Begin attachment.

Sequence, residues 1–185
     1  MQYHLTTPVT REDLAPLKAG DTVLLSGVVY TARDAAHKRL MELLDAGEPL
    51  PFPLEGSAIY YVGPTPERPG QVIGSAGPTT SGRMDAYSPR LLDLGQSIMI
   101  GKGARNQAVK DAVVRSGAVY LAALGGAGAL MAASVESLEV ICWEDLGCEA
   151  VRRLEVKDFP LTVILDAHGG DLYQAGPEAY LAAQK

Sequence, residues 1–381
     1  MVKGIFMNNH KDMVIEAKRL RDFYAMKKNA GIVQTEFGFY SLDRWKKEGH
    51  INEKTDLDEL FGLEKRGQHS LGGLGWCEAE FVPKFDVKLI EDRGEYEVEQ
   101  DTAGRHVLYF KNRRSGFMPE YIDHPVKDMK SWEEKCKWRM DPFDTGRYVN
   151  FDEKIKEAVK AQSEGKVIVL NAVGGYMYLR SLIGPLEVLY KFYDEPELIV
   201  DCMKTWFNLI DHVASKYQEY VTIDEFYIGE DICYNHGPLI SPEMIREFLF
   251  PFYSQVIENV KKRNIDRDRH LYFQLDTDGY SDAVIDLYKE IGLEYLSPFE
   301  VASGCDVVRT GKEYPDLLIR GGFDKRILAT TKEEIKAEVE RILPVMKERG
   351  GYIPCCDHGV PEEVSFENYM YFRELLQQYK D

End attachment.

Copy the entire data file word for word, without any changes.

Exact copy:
Sequence, residues 1–185
     1  MQYHLTTPVT REDLAPLKAG DTVLLSGVVY TARDAAHKRL MELLDAGEPL
    51  PFPLEGSAIY YVGPTPERPG QVIGSAGPTT SGRMDAYSPR LLDLGQSIMI
   101  GKGARNQAVK DAVVRSGAVY LAALGGAGAL MAASVESLEV ICWEDLGCEA
   151  VRRLEVKDFP LTVILDAHGG DLYQAGPEAY LAAQK

Sequence, residues 1–381
     1  MVKGIFMNNH KDMVIEAKRL RDFYAMKKNA GIVQTEFGFY SLDRWKKEGH
    51  INEKTDLDEL FGLEKRGQHS LGGLGWCEAE FVPKFDVKLI EDRGEYEVEQ
   101  DTAGRHVLYF KNRRSGFMPE YIDHPVKDMK SWEEKCKWRM DPFDTGRYVN
   151  FDEKIKEAVK AQSEGKVIVL NAVGGYMYLR SLIGPLEVLY KFYDEPELIV
   201  DCMKTWFNLI DHVASKYQEY VTIDEFYIGE DICYNHGPLI SPEMIREFLF
   251  PFYSQVIENV KKRNIDRDRH LYFQLDTDGY SDAVIDLYKE IGLEYLSPFE
   301  VASGCDVVRT GKEYPDLLIR GGFDKRILAT TKEEIKAEVE RILPVMKERG
   351  GYIPCCDHGV PEEVSFENYM YFRELLQQYK D